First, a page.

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Lower gasoline prices cause inflation to slow
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Los Angeles Times (TNS)

WASHINGTON – Prices for a wide variety of consumer goods held steady in July, pushing down the annual inflation rate in a report that could add to economic concerns of Federal Reserve officials.

The rise in the consumer price index during the previous four months was halted by a 4.7 percent drop in gasoline prices in July, which offset modest increases in other goods and services, the Labor Department said Tuesday.

Consumer prices had risen 0.2 percent in June.

Analysts expected the overall index to be unchanged. But they had forecast that so-called core prices, which exclude often-volatile food and energy costs, would rise 0.2 percent in July.

With lower gas prices, the core price index increased just 0.1 percent.

Economists say a moderate increase in prices is important for overall growth, helping push up wages and make it more cost-effective to borrow money.

Federal Reserve policymakers want to see inflation rising 2 percent a year. But the recovery from the Great Recession has been marked by extremely low inflation. For the 12 months that ended July 31, prices increased 0.8 percent. That was down from the 1 percent increase for the 12 months that ended June 30.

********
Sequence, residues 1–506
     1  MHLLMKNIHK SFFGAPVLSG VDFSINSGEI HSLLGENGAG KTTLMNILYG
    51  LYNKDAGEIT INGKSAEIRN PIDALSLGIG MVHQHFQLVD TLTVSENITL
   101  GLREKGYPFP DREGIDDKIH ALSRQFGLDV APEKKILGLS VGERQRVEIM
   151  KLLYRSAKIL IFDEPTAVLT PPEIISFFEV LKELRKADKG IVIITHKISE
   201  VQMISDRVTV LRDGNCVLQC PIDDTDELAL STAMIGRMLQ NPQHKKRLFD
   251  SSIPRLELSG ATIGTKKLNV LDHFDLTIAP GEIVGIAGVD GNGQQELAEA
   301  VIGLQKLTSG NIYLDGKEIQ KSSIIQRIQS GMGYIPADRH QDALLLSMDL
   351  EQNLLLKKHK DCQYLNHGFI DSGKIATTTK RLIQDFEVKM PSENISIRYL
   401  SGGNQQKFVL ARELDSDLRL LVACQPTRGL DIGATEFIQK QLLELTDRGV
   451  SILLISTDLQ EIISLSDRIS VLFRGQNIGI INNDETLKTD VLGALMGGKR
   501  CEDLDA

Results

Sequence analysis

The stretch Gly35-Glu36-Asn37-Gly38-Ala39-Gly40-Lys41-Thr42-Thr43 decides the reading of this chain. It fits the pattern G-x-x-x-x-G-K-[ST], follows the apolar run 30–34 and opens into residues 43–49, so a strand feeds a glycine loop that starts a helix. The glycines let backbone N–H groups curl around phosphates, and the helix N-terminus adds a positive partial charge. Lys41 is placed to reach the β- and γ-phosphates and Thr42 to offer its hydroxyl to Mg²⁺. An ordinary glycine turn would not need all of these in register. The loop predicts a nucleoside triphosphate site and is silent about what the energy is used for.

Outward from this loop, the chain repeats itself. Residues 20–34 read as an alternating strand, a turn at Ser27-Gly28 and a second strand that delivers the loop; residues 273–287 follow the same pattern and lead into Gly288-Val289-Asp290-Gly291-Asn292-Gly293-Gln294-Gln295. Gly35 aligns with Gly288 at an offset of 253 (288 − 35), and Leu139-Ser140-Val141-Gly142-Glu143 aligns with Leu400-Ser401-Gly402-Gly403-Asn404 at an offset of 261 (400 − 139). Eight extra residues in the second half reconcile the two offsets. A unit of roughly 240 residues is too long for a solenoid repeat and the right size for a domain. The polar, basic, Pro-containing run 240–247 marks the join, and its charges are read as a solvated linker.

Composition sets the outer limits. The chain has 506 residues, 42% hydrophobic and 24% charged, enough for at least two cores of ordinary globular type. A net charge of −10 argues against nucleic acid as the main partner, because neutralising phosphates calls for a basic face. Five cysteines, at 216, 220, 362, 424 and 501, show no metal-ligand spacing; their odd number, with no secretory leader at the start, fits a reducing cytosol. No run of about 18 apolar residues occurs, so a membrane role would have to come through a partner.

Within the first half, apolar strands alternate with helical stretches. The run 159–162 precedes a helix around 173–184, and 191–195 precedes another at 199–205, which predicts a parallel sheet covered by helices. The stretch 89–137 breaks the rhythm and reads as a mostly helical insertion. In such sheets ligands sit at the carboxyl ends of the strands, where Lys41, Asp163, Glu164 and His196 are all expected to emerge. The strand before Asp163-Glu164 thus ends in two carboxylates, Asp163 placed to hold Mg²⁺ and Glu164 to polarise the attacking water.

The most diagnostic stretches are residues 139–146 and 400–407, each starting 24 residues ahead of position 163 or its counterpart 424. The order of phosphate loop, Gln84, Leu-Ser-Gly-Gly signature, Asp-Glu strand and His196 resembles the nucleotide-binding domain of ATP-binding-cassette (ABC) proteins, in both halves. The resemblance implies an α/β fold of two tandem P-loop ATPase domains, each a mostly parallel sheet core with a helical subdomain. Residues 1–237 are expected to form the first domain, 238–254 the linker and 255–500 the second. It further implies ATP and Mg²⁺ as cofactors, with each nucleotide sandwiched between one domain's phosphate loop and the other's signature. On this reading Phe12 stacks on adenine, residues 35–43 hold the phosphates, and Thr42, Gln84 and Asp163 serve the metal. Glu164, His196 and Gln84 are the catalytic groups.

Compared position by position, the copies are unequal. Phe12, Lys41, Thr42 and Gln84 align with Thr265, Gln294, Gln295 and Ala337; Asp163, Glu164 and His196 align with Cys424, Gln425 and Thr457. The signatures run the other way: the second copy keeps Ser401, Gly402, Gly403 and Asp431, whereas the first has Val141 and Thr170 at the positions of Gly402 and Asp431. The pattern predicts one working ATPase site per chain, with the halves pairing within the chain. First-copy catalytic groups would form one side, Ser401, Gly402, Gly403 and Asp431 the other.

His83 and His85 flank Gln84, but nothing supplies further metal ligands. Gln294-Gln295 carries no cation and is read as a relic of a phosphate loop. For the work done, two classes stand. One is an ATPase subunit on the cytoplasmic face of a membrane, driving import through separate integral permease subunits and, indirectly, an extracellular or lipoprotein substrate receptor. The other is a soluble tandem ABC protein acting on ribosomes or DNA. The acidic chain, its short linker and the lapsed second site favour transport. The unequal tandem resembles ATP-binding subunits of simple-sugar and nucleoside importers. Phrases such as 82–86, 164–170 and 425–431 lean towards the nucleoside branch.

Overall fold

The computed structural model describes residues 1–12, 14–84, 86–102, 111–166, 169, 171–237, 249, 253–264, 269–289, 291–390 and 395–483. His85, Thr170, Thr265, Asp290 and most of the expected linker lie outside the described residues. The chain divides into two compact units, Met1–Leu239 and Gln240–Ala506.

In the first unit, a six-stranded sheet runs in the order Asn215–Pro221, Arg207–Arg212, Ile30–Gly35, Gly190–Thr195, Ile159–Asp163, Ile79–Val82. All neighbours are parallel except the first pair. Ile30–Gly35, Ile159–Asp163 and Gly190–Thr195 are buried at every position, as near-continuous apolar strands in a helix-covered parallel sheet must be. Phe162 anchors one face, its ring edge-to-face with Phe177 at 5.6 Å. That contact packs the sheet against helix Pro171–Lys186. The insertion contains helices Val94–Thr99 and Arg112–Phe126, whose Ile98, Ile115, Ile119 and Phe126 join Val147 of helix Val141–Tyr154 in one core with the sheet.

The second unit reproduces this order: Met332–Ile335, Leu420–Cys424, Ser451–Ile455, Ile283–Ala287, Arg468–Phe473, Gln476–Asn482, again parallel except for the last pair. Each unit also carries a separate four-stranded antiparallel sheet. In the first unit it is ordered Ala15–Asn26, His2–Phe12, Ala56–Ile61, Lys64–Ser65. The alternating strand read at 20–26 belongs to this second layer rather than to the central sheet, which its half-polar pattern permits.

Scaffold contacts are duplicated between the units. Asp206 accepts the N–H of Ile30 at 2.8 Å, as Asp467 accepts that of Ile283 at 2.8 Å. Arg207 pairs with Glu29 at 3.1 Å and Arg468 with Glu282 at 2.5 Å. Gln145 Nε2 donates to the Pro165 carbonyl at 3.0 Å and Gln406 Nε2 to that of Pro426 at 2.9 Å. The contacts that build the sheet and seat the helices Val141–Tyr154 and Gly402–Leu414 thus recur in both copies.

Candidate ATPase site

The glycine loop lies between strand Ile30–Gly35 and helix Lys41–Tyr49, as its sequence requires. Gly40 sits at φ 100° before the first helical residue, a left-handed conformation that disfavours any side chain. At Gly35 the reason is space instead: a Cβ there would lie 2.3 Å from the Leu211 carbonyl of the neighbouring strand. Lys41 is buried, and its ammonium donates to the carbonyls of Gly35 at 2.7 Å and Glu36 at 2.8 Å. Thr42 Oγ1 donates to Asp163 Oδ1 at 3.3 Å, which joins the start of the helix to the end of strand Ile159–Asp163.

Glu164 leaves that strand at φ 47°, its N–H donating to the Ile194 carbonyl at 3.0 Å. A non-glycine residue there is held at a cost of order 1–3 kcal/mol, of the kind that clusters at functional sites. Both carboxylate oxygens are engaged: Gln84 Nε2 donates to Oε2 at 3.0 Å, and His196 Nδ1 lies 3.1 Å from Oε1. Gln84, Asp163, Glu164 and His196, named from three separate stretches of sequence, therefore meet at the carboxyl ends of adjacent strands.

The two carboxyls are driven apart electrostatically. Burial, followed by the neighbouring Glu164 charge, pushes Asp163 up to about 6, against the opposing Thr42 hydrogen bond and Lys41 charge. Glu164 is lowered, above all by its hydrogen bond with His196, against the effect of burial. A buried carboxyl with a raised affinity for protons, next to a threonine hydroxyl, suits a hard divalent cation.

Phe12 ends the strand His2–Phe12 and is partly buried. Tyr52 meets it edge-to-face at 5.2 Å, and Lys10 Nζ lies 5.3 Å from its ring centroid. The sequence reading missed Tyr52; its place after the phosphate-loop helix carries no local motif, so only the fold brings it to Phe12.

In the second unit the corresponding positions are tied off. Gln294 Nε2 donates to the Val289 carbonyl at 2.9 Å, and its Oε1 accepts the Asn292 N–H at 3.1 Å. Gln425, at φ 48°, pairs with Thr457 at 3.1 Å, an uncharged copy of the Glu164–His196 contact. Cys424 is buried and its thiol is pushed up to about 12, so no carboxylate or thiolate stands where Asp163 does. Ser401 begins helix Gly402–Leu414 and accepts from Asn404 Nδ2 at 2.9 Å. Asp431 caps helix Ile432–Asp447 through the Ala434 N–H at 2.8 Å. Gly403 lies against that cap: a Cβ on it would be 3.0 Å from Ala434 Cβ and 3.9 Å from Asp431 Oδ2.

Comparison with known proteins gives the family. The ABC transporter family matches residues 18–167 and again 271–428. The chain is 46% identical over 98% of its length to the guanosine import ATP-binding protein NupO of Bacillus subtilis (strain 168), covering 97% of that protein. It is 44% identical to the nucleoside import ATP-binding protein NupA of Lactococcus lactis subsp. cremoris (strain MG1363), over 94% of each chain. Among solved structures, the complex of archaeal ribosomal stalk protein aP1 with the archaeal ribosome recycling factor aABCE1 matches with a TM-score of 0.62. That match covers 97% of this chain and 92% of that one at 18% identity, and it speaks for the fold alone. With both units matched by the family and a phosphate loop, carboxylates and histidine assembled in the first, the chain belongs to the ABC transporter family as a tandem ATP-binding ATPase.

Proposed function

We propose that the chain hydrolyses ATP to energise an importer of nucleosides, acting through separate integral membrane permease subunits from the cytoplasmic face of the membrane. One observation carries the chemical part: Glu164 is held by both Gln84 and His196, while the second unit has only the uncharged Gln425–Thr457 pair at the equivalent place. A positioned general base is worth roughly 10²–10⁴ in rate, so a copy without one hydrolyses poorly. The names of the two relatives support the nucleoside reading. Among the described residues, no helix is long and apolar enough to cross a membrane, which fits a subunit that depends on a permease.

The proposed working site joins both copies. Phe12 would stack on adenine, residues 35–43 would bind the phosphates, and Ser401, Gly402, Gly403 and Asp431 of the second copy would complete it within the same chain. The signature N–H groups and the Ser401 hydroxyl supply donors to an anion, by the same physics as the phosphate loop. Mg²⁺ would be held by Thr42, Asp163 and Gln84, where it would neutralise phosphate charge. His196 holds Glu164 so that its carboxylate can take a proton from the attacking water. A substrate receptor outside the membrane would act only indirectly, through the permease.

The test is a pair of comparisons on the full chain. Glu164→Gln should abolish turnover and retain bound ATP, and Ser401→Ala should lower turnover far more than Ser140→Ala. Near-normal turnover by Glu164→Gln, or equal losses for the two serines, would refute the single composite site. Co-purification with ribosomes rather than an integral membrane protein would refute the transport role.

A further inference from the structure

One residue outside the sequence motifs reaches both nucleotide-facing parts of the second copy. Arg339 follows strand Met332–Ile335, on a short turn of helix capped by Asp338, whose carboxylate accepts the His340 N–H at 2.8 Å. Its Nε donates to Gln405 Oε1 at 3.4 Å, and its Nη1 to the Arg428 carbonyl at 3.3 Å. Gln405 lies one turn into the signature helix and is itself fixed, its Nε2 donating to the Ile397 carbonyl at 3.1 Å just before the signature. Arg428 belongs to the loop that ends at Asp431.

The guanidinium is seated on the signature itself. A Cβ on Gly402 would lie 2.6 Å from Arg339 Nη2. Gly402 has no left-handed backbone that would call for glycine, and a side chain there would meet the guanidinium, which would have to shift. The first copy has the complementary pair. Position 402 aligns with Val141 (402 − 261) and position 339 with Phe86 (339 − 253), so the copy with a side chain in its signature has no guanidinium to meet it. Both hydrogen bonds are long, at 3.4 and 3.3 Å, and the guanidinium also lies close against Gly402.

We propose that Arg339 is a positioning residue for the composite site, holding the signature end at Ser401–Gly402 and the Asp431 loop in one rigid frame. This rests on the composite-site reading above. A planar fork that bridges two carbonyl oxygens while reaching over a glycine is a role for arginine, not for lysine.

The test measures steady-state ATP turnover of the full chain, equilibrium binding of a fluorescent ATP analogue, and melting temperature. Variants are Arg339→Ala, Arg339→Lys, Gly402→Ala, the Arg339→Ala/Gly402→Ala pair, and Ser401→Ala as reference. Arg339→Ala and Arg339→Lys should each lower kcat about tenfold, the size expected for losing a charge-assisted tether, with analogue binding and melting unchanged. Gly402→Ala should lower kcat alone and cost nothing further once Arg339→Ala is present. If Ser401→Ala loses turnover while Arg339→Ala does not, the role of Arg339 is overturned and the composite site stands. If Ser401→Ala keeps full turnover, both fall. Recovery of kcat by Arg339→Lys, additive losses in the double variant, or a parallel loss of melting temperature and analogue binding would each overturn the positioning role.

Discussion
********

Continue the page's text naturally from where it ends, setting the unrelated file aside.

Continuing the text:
Lower gasoline costs have been a major factor in the low inflation rate, although prices at the pump had been rising since February before last month’s decline.

Core prices were up 2.2 percent for the 12 months that ended July 31, the eighth consecutive month of at least 2 percent year-over-year growth and a sign that inflation might be firming. Still, July’s figure was down from a 2.3 percent increase for the 12 months that ended June 30.

The Fed uses a different inflation gauge, based on personal consumption expenditures, that runs lower than the consumer price index. And the slowdown in inflation growth could add to concerns about slow economic growth and lead Fed policymakers to hold off on raising a key interest rate at their next meeting in September.

Gus Faucher, deputy chief economist at PNC Financial Services Group, said the low inflation rate meant the Fed was under no pressure to raise interest rates to cool the economy. He predicted Fed officials would not increase the rate until December, when “inflation should be picking up.”

But Ian Shepherdson, chief economist at Pantheon Macroeconomics, wasn’t concerned about the July price report. He said that the inflation trend was still rising and that prices were pushed down last month by temporary factors, including the drop in gas prices and a 4.9 percent decline in airline fares caused by lower jet fuel costs.